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Who can promote sanitation?

Published on: 13/10/2012

Typical sanitation promoters are training community health workers and local leaders, council members and members of village water and sanitation committees.

Women leaders have been effective promoters in countries with national women’s unions, women development programmes and active women self-help and savings groups.  

Mobilized school teachers and children have successfully spread household latrines through School-Led Total Sanitation programmes (SLTS). This alternative has worked e.g. in areas with a leadership vacuum and where schools are the only working and accepted government structure, e.g. in Nepal, Pakistan and Bangladesh and with out-of-school children.

Youth and children have been effective change makers in community-outreach, through youth clubs and school health-club programmes in Uganda and Pakistan (see also SLTS) and in post-triggering programmes for CLTS.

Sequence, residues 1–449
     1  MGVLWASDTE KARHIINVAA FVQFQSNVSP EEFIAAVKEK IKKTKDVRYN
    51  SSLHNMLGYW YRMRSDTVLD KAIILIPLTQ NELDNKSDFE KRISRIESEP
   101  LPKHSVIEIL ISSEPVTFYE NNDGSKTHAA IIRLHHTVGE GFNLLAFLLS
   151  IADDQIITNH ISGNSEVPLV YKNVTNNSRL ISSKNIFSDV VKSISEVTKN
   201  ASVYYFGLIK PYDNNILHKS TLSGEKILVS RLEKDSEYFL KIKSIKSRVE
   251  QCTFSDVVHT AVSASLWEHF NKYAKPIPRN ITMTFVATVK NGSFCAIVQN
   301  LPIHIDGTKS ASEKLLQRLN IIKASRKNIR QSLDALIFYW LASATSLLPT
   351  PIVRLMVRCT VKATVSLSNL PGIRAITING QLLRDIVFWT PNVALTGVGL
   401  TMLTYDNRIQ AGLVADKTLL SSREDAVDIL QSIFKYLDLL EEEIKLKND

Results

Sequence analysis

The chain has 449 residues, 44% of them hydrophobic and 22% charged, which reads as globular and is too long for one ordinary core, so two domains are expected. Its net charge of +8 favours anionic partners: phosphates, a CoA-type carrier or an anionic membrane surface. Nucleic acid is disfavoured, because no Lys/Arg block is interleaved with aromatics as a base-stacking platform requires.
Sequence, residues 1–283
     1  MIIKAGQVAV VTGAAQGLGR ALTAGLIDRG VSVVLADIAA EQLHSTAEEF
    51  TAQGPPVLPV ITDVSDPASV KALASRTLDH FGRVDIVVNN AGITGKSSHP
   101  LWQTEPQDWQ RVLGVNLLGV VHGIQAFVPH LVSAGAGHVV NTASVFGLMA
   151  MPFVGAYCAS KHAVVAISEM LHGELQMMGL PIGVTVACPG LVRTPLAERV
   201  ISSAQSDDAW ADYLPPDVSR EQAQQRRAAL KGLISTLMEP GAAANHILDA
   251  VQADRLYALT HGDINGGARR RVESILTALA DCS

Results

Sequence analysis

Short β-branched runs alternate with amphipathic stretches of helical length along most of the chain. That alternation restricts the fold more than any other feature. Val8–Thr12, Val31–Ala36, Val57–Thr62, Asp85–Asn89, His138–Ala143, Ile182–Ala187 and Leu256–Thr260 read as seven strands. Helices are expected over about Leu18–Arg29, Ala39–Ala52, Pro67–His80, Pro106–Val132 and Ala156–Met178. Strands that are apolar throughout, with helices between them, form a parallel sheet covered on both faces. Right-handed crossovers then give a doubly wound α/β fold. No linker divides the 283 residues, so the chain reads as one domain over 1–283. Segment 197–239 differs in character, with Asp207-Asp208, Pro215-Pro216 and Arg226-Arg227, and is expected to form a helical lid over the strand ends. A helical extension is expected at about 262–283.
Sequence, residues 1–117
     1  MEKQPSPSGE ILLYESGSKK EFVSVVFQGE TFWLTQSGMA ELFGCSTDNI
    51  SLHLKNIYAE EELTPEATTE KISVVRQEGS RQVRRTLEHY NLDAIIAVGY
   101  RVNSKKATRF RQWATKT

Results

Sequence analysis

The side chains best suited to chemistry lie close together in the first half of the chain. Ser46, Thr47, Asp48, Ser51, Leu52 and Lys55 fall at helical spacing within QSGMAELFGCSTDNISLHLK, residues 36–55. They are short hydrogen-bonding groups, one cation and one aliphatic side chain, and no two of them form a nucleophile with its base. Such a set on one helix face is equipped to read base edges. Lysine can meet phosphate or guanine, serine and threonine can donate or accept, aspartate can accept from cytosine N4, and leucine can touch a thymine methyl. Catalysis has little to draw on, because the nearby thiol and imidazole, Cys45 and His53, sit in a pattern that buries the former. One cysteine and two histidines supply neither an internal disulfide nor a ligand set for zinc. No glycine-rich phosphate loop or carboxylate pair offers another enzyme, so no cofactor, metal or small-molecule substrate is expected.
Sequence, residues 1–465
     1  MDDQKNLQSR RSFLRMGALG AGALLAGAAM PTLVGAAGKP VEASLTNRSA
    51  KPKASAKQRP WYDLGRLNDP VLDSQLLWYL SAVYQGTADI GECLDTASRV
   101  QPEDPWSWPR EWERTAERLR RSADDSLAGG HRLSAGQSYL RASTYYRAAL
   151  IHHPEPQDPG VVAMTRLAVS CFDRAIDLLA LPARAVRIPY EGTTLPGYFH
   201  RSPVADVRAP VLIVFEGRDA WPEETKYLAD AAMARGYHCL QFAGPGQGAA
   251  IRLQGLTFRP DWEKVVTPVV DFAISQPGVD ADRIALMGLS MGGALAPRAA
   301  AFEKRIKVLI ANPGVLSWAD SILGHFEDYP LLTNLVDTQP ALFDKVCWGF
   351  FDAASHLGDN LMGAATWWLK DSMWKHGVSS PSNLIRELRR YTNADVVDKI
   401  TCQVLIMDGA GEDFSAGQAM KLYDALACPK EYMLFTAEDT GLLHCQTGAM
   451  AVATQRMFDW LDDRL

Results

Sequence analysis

In Bangladesh, in a programme targeting 37 million people, BRAC cooperates with imams and the Masjid Council for Community Advancement, so that 12 khutba (sermons) are delivered over time in the mosque on hygiene, sanitation and the position of women.

Effective motivation is not the prerogative of the public sector and community volunteers. Both in Cambodia and West Bengal the private sector pays local motivators and sales agents a commission for every toilet sold.

Background information and materials referred to in the article:
  • Typical sanitation promoters are trained community health workers and local leaders, council members and members of village water and sanitation committees.
  • Women leaders have been effective promoters in countries with national women's unions, women development programmes and active women self-help and savings groups.
  • In areas with a leadership vacuum and where schools are the only working and accepted government structure, e.g. in Nepal, Pakistan and Bangladesh and with out-of-school children.
  • Youth and children have been effective change makers in community-outreach, through youth clubs and school-health club programmes in Uganda and Pakistan (see also SLTS reference list, download below)
  • Post-triggering programmes for CLTS.
  • In Bangladesh, in a programme targeting 37 million people, BRAC cooperates with imamsBoth in Cambodia and West Bengal the private sector pays local motivators and sales agents a commission for every toilet sold.

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